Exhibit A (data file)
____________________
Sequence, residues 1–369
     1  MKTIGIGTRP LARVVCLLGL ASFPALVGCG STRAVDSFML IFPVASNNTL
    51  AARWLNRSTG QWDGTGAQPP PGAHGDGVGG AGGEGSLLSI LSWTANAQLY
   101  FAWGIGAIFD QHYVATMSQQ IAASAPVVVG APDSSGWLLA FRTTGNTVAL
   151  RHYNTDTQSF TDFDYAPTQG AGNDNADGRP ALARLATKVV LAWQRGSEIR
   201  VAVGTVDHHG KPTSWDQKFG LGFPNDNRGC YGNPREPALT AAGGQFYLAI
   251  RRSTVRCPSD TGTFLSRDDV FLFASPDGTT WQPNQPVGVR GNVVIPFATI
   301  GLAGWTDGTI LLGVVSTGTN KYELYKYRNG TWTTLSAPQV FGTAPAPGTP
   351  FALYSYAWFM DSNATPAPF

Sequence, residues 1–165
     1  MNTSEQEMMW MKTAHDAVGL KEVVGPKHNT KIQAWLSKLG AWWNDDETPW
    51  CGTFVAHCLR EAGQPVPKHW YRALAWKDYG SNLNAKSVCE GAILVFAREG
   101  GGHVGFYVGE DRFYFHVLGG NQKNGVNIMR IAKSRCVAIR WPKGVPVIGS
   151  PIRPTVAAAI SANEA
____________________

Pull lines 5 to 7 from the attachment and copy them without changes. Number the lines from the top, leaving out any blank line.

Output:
   151  RHYNTDTQSF TDFDYAPTQG AGNDNADGRP ALARLATKVV LAWQRGSEIR
   201  VAVGTVDHHG KPTSWDQKFG LGFPNDNRGC YGNPREPALT AAGGQFYLAI
   251  RRSTVRCPSD TGTFLSRDDV FLFASPDGTT WQPNQPVGVR GNVVIPFATI